Entering the fifth season of his NFL career, David Andrews is a two-time world champion as well as the New England Patriots’ undisputed starting center and one of the team’s leaders — quite the development for the former undrafted rookie free agent. This development happened because of Andrews’ abilities both on and off the field, but the role offensive line coach Dante Scarnecchia played cannot be underestimated either.
While Scarnecchia enjoyed his short-lived, two-year retirement when the Patriots brought Andrews in, the veteran coach has helped him grow from being Bryan Stork’s backup to becoming one of the best centers in all of football. Andrews naturally speaks highly of the coach with whom he worked for the past three seasons, and yesterday’s conversations after the Patriots’ seventh practice of this year’s training camp show this.
“It’s such a blessing to get to work with Scar,” said the 27-year-old. “It’s tough. It’s very tough. You’ve got to love this game. You’ve got to love the competition of it and you’ve got to love to come to work every day because it’s not easy at times. That’s how it’s supposed to be. It’s his job to hold us accountable and he kind of sets the tone, and then we hold each other accountable in that room. We take a lot of pride in what we do.”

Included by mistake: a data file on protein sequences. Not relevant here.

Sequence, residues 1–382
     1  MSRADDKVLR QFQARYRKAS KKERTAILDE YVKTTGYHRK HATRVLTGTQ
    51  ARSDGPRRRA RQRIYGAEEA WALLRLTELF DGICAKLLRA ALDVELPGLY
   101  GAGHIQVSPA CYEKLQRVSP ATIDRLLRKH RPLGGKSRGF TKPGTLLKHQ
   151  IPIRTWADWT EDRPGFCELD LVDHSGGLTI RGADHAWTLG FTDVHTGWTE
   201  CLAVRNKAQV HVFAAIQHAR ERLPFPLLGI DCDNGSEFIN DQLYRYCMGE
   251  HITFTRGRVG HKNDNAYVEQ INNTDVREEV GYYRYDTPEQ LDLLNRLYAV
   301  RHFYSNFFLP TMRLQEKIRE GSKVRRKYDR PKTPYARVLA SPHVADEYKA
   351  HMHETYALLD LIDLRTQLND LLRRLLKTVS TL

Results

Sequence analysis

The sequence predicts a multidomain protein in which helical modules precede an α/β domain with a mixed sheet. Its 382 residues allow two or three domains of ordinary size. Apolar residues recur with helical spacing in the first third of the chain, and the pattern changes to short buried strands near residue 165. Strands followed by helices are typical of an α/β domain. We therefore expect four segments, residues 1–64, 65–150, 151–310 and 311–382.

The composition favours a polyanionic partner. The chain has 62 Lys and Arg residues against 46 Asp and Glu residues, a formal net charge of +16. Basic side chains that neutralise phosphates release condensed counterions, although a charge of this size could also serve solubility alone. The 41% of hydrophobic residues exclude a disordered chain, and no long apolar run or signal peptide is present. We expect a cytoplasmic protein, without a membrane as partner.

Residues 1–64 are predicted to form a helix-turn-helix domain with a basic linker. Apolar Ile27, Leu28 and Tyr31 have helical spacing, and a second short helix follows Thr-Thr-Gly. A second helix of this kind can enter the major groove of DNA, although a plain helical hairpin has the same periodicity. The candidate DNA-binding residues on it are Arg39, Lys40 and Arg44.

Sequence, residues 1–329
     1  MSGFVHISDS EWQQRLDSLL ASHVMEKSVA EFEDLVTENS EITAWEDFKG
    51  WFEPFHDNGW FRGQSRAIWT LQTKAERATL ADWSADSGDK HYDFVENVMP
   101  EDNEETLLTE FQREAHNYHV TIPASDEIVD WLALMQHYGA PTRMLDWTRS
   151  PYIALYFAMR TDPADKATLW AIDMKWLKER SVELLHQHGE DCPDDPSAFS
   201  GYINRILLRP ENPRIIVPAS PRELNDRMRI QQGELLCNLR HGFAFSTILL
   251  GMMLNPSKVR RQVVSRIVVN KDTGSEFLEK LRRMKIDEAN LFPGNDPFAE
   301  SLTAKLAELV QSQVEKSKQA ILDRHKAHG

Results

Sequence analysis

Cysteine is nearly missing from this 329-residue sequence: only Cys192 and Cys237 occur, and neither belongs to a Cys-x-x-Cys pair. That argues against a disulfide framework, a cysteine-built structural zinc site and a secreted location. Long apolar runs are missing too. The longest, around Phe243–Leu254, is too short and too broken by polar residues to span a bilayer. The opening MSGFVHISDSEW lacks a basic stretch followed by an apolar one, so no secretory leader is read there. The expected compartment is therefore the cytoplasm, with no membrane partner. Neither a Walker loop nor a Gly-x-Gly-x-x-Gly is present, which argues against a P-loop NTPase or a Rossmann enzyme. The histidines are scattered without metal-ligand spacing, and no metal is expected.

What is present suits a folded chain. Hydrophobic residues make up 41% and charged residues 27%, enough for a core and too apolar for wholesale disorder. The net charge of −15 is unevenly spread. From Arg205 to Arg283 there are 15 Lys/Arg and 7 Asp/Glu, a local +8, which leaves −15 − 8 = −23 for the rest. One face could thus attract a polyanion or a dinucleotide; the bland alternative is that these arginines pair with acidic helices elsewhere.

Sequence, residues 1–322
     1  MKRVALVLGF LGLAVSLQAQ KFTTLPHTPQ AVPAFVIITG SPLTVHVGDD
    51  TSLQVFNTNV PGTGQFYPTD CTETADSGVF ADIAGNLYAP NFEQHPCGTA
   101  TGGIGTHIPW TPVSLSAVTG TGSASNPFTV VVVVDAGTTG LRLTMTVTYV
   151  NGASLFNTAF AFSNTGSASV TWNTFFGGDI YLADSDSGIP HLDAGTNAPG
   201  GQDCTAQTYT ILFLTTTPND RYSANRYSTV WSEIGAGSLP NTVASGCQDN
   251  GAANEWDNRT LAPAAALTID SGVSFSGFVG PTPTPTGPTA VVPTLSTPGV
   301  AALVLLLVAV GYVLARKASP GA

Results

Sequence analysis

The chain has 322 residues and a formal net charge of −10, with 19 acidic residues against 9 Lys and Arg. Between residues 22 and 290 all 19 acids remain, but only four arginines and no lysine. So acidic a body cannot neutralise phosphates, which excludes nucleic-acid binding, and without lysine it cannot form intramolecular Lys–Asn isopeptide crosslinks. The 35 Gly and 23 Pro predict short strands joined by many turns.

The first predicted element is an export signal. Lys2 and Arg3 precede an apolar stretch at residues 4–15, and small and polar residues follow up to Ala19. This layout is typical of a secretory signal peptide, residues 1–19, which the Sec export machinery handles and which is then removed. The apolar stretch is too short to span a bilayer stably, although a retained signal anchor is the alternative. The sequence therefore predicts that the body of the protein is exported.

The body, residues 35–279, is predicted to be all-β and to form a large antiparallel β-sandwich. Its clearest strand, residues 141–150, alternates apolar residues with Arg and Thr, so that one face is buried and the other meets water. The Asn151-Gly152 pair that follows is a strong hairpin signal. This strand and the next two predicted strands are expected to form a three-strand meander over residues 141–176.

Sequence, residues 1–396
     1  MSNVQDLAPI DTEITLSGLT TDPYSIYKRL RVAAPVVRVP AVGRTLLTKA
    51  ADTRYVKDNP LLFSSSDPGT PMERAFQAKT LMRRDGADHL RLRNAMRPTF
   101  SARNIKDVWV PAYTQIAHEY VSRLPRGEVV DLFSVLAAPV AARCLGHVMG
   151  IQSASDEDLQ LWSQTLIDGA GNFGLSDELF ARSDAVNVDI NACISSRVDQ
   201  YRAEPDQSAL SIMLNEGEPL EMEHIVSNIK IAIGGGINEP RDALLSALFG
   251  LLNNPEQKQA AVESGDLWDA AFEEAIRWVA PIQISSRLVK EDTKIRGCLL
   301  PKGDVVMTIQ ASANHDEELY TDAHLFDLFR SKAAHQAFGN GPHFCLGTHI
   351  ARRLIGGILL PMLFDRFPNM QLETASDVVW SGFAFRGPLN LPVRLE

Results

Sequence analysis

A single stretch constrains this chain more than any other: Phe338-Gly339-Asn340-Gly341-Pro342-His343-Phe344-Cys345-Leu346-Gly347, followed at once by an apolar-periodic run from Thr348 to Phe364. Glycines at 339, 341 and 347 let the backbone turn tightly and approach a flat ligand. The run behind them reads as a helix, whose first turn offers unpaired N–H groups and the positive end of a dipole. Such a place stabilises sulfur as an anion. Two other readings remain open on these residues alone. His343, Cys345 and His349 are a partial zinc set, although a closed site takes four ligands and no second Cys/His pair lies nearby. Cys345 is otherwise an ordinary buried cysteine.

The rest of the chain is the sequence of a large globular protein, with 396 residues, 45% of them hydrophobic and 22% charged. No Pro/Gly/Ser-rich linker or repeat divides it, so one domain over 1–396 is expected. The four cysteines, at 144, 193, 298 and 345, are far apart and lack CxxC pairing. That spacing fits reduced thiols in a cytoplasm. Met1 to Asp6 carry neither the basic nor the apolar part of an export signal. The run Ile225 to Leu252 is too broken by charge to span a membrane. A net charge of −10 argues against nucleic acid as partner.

“But he’s a great coach to work for. It’s been great to work with him these last few years,” continued Andrews. The toughness he mentioned is reflected in Scarnecchia’s offensive line, and something both present and past Patriots seem to appreciate about the veteran coach — former New England right tackle Sebastian Vollmer also recently mentioned the you-get-better-or-you-quit approach players have to take.
One reason why Scarencchia is as impactful a coach as he is is his focus on technique and being fundamentally sound. Andrews pointed this out on Thursday while getting deeper into the coach’s methods of teaching: “He believes in his fundamentals and those key, essential fundamentals. I think we work on those, we buy into those fundamentals. We know that they work and we practice them every day, a lot, and we don’t make up fancy drills.”
“It’s the same drills pretty much every day, so we’re just building repetition, building conditioning and building good habits,” continued Andrews. “Every drill correlates to a fundamental which will correlate to a block. We have different blocks that start with different fundamentals. It’s not every day we just don’t go out there and start running combination blocks. We build up first and the individual fundamentals.”
“Then you put it together and you build and you build and you build. Kind of like building a house: you’ve got to start with a good foundation,” Andrews said. This approach taken by the offensive line coach and its unit helped the Patriots completely rebuild their offensive line over the last few years: while unproven Isaiah Wynn will start at left tackle, the rest of the team’s blockers up front are as steady as they come in the NFL.
The players — Andrews, guards Joe Thuney and Shaq Mason, right tackle Marcus Cannon — deserve plenty of praise for this, but so does Scarnecchia. He is called the best offensive line coach in the league for a reason, and listening to New England’s starting center speak about him it is not hard to see why he might very well be just that.